The fiscal security of medical schemes is traditionally judged on their solvency ratios. Put simply: It is the when the Scheme’s cash flow is sufficient to meet its short and long term liabilities, ie payment of claims. Schemes are ‘hung, drawn and quartered’ for not meeting the industry’s prescribed minimum of 25% which is currently considered a ‘healthy’ solvency ratio.
Gerhard Van Emmenis, Principal Officer of Bonitas Medical Fund says, ‘The Fund and the Board are delighted to announce that our solvency ratio has increased to 25%, which is the regulatory and compliance requirement. We anticipate a slow but continuous growth in 2019 as our cost-savings initiatives continue.’
‘In our 2017 Annual Report, (the Scheme) reported a solid surplus of R730.20 million. It was an exceptional year for us in terms of financial results.’
Bonitas reserves increased from R3.2 billion to R4 billion, attributable to a multi-pronged approach to cost-saving initiatives but focussing on:
- Hospital negotiations, which delivered savings of R242 million
- Fraud, Waste and Abuse (FWA) initiatives which delivered recoveries of R31.2 million and a potential preventative savings of R75 million
- Other cost savings initiatives of R59 million (examples of this included the benefit adjustments)
- A return on investments of 8.9% also contributed to the healthy fiscal outlook for Bonitas Medical Fund.
Van Emmenis added that although the Fund performed well and increased the solvency levels to the required 25% he doesn’t necessarily believe it is the best way of determining the fiscal health of a medical scheme.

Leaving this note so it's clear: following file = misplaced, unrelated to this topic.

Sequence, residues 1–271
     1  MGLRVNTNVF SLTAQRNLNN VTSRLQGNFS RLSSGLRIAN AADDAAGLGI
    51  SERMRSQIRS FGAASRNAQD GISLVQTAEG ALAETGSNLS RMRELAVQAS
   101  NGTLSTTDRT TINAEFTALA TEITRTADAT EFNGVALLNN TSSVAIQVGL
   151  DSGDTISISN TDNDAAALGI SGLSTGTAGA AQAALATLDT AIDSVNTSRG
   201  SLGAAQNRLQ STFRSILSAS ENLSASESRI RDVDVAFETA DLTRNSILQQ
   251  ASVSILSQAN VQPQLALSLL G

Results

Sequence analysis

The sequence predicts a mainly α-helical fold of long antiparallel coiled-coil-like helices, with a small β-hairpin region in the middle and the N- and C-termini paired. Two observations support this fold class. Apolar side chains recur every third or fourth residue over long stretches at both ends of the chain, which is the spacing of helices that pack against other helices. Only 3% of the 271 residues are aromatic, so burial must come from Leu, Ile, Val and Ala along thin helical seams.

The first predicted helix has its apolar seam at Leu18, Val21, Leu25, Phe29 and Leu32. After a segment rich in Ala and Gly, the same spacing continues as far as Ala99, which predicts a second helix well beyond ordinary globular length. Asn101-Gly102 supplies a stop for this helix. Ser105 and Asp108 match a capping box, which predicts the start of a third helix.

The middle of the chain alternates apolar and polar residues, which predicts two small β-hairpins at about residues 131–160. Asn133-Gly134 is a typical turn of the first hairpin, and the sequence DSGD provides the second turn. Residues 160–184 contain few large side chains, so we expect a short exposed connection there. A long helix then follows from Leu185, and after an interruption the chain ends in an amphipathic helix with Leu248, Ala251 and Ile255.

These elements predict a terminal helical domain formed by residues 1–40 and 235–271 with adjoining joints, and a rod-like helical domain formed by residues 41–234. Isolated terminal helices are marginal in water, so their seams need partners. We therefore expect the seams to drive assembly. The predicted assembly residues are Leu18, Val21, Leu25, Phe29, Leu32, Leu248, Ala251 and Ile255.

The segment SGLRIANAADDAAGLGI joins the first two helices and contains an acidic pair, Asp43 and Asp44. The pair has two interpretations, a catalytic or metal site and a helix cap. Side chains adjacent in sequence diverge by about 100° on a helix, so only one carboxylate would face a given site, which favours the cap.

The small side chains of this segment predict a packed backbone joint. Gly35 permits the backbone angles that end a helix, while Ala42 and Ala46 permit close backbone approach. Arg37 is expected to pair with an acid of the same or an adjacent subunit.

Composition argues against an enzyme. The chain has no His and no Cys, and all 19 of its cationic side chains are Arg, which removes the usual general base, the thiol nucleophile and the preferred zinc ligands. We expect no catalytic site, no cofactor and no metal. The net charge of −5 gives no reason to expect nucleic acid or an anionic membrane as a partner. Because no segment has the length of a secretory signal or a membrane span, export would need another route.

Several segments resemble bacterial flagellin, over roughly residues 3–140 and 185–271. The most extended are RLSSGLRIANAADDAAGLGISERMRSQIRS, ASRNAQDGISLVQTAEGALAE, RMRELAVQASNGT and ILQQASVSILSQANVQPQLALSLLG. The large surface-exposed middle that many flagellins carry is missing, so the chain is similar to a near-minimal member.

‘It has been recognised globally and by the Council of Medical Schemes (CMS) in South Africa that the existing system of determining solvency ratios needs to be revisited,’ he explains. ‘The CMS would like to introduce a solvency framework that will promote growth in the industry while ensuring healthy competition amongst the schemes. And while financial stability should be maintained we believe there is no one size fits all and individual circumstances of each scheme should be taken into account.’
The CMS outlines the following reasons for the new thinking: The underlying risk faced by the schemes is not addressed; members have to contribute too much to maintain reserves and it is one of the factors that affects increased premiums; it doesn’t incentivise good risk management by schemes; it is more difficult for schemes which are growing as they need to accumulate greater reserves and the calculations include members savings accounts.
‘That said’, says Van Emmenis, ‘Whatever method is used Bonitas is in very good health. We have the financial stability to strengthen our position as one of the leading medical aids in South Africa, this instils confidence in our claims-paying ability and gives a level of comfort to our members.’
In conclusion Van Emmenis says that to ensure sustainability, Bonitas continues to look for ways to contain healthcare costs. ‘Our mandate, entrenched in the Fund, is about making quality healthcare affordable and accessible to all South Africans.’